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Pattern Discrimination

2018
Authors:

Clemens Apprich, Wendy Hui Kyong Chun, Florian Cramer, and Hito Steyerl

Pattern Discrimination

How do “human” prejudices reemerge in algorithmic cultures allegedly devised to be blind to them?

Bringing together media thinkers and artists from the United States and Germany, this volume asks the urgent questions: How can we discriminate without being discriminatory? How can we filter information out of data without reinserting racist, sexist, and classist beliefs? How can we queer homophilic tendencies within digital cultures?

How do “human” prejudices reemerge in algorithmic cultures allegedly devised to be blind to them? To answer this question, this book investigates a fundamental axiom in computer science: pattern discrimination. By imposing identity on input data, in order to filter—that is, to discriminate—signals from noise, patterns become a highly political issue. Algorithmic identity politics reinstate old forms of social segregation, such as class, race, and gender, through defaults and paradigmatic assumptions about the homophilic nature of connection.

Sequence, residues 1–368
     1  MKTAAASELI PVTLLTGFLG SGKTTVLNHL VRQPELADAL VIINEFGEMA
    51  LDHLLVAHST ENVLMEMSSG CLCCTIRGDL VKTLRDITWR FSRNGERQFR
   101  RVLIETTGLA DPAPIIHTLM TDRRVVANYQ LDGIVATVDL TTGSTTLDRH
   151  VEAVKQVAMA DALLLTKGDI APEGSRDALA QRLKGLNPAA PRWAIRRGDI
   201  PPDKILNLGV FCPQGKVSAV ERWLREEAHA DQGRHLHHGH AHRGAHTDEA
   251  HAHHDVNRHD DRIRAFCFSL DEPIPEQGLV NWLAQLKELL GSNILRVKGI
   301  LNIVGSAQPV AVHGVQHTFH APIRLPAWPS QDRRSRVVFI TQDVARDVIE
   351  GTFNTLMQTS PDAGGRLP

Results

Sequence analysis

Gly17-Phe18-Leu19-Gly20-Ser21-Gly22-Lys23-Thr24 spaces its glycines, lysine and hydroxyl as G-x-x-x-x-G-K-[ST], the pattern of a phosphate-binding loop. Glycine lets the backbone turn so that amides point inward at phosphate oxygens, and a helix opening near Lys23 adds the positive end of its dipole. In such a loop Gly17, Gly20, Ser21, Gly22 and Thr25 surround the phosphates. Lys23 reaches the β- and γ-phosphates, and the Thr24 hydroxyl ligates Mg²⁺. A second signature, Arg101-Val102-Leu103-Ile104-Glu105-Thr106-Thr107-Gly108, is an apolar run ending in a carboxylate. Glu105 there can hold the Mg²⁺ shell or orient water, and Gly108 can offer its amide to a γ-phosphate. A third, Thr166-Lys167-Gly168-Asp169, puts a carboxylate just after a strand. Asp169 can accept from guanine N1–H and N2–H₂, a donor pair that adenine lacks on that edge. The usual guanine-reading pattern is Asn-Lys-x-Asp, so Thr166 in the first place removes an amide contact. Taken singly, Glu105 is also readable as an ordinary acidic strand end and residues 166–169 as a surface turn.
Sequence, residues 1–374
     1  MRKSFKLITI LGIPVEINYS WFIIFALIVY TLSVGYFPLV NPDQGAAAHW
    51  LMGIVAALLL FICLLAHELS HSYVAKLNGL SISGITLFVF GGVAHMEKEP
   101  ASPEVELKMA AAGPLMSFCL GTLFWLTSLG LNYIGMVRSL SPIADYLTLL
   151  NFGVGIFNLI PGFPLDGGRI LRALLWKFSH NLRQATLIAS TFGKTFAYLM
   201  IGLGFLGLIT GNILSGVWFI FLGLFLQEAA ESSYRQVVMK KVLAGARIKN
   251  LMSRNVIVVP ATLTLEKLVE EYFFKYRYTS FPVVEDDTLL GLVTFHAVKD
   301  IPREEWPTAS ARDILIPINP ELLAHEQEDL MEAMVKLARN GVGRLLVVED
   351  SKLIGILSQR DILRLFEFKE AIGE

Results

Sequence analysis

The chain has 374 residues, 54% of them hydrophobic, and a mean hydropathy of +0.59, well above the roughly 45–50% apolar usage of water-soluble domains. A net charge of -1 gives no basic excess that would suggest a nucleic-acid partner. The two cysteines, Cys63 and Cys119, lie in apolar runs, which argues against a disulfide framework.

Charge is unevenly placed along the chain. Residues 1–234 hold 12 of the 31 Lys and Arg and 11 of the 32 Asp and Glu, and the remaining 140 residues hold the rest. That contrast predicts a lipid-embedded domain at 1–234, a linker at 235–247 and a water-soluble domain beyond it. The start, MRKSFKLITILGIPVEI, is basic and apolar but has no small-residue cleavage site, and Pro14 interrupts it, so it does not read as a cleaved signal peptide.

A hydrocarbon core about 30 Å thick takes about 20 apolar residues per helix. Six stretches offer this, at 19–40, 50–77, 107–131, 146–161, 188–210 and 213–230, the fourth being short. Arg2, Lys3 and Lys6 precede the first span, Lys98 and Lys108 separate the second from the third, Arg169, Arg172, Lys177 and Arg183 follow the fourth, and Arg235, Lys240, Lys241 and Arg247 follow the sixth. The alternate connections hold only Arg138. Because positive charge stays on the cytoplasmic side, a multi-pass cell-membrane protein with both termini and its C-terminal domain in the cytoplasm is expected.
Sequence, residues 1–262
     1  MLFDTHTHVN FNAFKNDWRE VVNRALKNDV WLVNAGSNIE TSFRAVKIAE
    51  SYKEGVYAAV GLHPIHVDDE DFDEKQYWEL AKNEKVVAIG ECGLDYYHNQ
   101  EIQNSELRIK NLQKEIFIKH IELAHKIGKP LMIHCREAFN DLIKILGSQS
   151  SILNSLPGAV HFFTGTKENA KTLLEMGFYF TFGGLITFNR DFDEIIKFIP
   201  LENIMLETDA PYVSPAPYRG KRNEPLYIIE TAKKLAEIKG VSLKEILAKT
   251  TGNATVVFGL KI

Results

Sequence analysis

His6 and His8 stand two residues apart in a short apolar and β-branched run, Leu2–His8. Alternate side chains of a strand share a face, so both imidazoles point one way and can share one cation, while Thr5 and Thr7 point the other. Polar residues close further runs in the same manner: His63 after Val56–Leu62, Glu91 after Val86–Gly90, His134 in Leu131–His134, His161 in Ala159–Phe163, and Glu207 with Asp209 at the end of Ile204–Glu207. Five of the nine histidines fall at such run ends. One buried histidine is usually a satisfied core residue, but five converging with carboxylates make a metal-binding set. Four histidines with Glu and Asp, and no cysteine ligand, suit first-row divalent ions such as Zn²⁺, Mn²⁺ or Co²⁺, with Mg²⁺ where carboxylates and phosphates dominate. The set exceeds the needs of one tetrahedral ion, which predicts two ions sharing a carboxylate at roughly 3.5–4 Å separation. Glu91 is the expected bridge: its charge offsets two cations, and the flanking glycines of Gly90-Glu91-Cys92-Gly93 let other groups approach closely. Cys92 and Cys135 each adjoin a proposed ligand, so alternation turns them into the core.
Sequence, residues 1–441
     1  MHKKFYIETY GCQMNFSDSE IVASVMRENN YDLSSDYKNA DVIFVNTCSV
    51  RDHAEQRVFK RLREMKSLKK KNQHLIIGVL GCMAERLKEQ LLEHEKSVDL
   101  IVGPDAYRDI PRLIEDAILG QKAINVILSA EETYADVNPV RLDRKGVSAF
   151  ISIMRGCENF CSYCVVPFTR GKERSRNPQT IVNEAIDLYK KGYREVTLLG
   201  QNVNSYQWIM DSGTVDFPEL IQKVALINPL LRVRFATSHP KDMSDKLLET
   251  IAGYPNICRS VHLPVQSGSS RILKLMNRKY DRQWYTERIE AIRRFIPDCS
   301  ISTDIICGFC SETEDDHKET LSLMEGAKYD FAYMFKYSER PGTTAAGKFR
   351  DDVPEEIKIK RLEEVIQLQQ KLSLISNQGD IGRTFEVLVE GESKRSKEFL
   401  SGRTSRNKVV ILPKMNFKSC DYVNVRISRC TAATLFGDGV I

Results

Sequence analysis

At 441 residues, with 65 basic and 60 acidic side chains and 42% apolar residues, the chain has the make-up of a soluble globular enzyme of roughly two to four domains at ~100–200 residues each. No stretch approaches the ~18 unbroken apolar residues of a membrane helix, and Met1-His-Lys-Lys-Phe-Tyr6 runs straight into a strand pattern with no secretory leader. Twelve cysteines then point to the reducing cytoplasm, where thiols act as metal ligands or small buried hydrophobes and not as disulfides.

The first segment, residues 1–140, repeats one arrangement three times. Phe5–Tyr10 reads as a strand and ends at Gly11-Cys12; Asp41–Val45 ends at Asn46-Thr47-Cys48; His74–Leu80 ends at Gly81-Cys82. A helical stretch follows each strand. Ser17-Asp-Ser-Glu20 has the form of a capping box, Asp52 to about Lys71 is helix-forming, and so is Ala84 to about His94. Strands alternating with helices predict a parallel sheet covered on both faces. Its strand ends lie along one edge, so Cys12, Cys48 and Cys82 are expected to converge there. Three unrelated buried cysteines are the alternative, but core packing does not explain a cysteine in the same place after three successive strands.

Instead of providing a more “objective” basis of decision making, machine-learning algorithms deepen bias and further inscribe inequality into media. Yet pattern discrimination is an essential part of human—and nonhuman—cognition. Bringing together media thinkers and artists from the United States and Germany, this volume asks the urgent questions: How can we discriminate without being discriminatory? How can we filter information out of data without reinserting racist, sexist, and classist beliefs? How can we queer homophilic tendencies within digital cultures?

Pattern Discrimination

Wendy Hui Kyong Chun is professor of modern culture and media at Brown University. She is the author of Update to Remain the Same: Habitual New Media.

Hito Steyerl is professor of experimental film and video at the Berlin University of the Arts. She is the author of Duty Free Art: Art in the Age of Planetary Civil War.

Florian Cramer is applied research professor of new media and their impact on art and design at Rotterdam University of Applied Sciences. He is the author of What Is Post-Digital.

Clemens Apprich is visiting professor at the Institute of Culture and Aesthetics of Digital Media, Leuphana University of Lueneburg. He is the author of Technotopia: A Media Genealogy of Net Cultures.

About This Book